FacebookTwitterLinkedInEmailPrint分享National Observer:The Trans Mountain oil pipeline is costing a Canadian Crown corporation some staggering interest expenses that cast doubt on strong revenues from the infrastructure touted in the federal government’s recent economic update.The interest expenses were $20 million over a single month in September, right after Prime Minister Justin Trudeau’s government purchased the pipeline and related assets from Texas energy company Kinder Morgan for $4.5 billion. As part of the purchase, the government also had to set aside an additional $500 million as a security deposit in case of environmental damage, and this appears to be part of the interest expenses.If the interest expenses continue to pile up at that rate over the year, they will come to represent a larger sum than the amount of money that the government has said the pipeline is on track to raise this year primarily from toll charges.Oil pipelines earn revenues by charging tolls to companies that are shipping fuels on the infrastructure. The Trudeau government has said that the proposed Trans Mountain expansion project, if completed, would generate more revenues and could be sold back to the private sector, along with existing assets, as a profitable venture.In a new quarterly report, the Canada Development Investment Corporation (CDEV), the Crown corporation that now owns and operates the pipeline through a network of subsidiaries, said it incurred $21.27 million in interest expenses related to Trans Mountain during the third quarter ending Sept. 30.The pipeline from the oil patch to the west coast and its related expansion project was acquired by Ottawa in a deal that cleared Aug. 31. These two dates represent approximately a month’s worth of expenses, or $255.24 million over the year. That is well above the “over $200 million” that Finance Minister Bill Morneau’s fall fiscal update said the pipeline was on track to make in “earnings before interest, taxes, depreciation and amortization,” or EBITDA, a type of metric used in finance to show a performance snapshot. EBITDA doesn’t include things like capital investment costs or expenses linked to debt.Tom Sanzillo, director of finance at the Institute for Energy Economics and Financial Analysis, co-authored a report in June with Kathy Hipple, a financial analyst at the institute and corporate finance lecturer at Bard College, stating that the Canadian government was facing at least $11.6 billion in costs to complete the pipeline. “This transaction and the cost of further planning and construction could add a $6.5 billion unplanned expenditure to Canada’s budget during FY 2019,” the report states, boosting Canada’s projected deficit by 36 per cent.Sanzillo told National Observer that while it is not uncommon for a government economic development transaction to keep revenues, capital costs and operational expenses separate, the interest expenses and fiscal update numbers represent an incomplete picture. “For a project of this size and importance,” said Sanzillo, “the executive has a responsibility to also produce an all-in-one, true and accurate inclusive project accounting that answers the question: ‘How much is this costing the Canadian taxpayer?’ These financial disclosures are partial, and absent a full accounting, are irrelevant. Because it is only a partial explanation, it says nothing about the financial viability of the project.”More: The Trudeau government’s Trans Mountain purchase has triggered staggering interest expenses Trans Mountain pipeline costs are adding up for Canadian government
Local Govt Elections…as party plans to engage APNU to contest with coalitionThe decision taken by the National Executive Committee (NEC) of the Alliance For Change (AFC) to consider joining with the coalition parties to contest the Local Government Elections (LGE) under one ticket has been described as a sensible position that could help the Government.AFC Leader Raphael TrotmanPolitical analyst Dr David Hinds has said that the dynamics of the coalition meant that should the parties contest the elections separately, they would be fighting each other for the same voters.“And that could create bad blood among them, which would then make it difficult for them to come together for the general election a year or so later,” Hinds told Guyana Times on Sunday.He opined that it was hard to “convince people that you are serious about coalition politics if you fight each other at one election and then try to come together for another election”.According to Dr Hinds, the only attraction for the AFC to contest the LGE by itself is if it can be assured of getting a section of the Indo-Guyanese vote. However, Dr Hinds said, from all indications, that is a long shot, as it appears that the Indo-Guyanese vote the AFC got in 2015 has returned to the People’s Progressive Party/Civic (PPP/C).“So, from the standpoint of electoral survival, it makes sense for the AFC to want to avoid going alone. I think the party has finally confronted the tenuous electoral fortunes of third parties in Guyana.”The Working People’s Alliance (WPA) executive also thinks that if the AFC contests with the A Partnership for National Unity (APNU), it would be doing so from a weakened position. And unlike the case of the Cummingsburg Accord, it now has to demonstrate to constituencies to use that as a bargaining chip.Close to one month after announcing that it may break away from APNU/AFC for this year’s LGE, the AFC has now decided to reconsider.The party said this decision was made at the NEC, the second highest decision-making organ of the AFC, following a duly-constituted meeting on Saturday, February 17, 2018.“National Executive Committee (NEC) of the Alliance For Change (AFC) having met on February 17, 2018 at a duly constituted meeting, has mandated the Leader of the Party to engage the A Partnership For National Unity (APNU) in discussion that could see the parties contesting the 2018 Local Government Elections as a coalition,” the party stated.AFC Leader Raphael Trotman is now expected to write President David Granger outlining the party’s position on the way forward and specific issues that are of concern to the AFC.In January, Trotman told a news conference that, “There is a strong opinion of body within the party that we should go alone.” However, in the same breath, he said that there was another view that the AFC should seek to enter a new accord.The party leader explained that the Cummingsburg Accord that was signed between the AFC and APNU in 2015 was just to facilitate the General Election and did not include local elections.“We are currently assessing the views of the various party leaders here in Guyana and outside of Guyana, and we would have met with the APNU and other parties to get a sense … and make a decision well before the date is announced for Local Government Elections,” he added.The AFC has, of recent, come under fire for the perceived submissive role it played when it joined forces with APNU. In mid-November 2017, the top leadership of the AFC had decided to revise its governing agreement with its coalition partner. This decision was taken after the AFC – the smaller of the two groups forming the Government – was accused of being coerced by its large partner.Speaking about the discussions surrounding the review of this Accord, Trotman said that it was still on the party’s agenda and it has sought to get some other views to begin the process.“We have, in fact, identified a team that will represent us in upcoming talks, because, like I said, the Accord has a lifespan of a minimum of three years and a maximum of five. And it was geared primarily towards national elections. It was very silent on Local Government Elections,” he explained.During the recent NEC meeting, issues relating to the Cummingsburg Accord were discussed with the aim of critically analysing its operationalisation and the expectation of AFC members that “this still relatively new arrangement will concretise a new era of good governance and development in Guyana”.According to the party, the meeting also acknowledged that there were areas in the relationship that were working well and others that needed to examined, clearly defined and strengthened. An AFC team was identified to discuss these areas with APNU.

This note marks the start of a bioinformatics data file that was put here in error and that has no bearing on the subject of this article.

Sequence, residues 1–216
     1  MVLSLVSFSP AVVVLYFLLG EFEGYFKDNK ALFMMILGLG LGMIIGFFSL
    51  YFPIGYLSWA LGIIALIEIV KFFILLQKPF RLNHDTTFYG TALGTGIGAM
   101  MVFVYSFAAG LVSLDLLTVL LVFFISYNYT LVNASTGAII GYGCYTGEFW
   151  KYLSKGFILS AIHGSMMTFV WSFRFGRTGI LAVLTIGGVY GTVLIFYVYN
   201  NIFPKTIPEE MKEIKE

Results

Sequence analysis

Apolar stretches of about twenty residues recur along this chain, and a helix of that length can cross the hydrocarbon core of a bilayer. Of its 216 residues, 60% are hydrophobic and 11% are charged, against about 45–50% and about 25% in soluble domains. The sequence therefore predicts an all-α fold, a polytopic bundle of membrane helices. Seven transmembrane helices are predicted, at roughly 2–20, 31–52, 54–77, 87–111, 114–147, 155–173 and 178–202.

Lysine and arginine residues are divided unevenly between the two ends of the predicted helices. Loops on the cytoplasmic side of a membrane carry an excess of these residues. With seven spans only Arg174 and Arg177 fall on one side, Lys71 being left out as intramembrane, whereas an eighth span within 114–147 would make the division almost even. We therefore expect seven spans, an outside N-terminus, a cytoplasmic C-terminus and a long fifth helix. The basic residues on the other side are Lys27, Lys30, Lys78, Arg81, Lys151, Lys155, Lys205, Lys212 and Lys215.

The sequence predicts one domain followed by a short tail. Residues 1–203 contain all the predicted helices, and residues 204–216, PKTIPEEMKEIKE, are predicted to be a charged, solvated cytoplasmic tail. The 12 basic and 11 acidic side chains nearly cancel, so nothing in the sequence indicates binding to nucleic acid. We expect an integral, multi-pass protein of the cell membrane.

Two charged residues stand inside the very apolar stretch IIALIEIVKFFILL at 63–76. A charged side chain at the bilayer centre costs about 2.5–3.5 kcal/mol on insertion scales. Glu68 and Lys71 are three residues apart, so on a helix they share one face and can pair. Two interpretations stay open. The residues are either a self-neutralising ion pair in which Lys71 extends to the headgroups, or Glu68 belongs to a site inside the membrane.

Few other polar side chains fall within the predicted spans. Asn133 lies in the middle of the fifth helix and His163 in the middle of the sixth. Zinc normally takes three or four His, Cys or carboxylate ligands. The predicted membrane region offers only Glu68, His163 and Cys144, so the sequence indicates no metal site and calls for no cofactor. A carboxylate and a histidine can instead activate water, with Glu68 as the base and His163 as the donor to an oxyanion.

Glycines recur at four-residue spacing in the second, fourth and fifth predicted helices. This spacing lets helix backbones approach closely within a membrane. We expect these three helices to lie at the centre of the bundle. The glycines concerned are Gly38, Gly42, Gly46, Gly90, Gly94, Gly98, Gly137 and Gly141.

Produced by EETimes and Embedded.com, the 2017 Embedded Market Study continues an annual tradition stemming back over 20 years, with the sole exception of 2016, when organizational transitions and other events prevented the study from being fielded. Click here to see the report (pdf). Share this:TwitterFacebookLinkedInMoreRedditTumblrPinterestWhatsAppSkypePocketTelegram Tags: Industry, Profession Continue Reading Previous What’s the right channel count for mixed signal oscilloscopes?Next What is the NuttX RTOS and why should you care?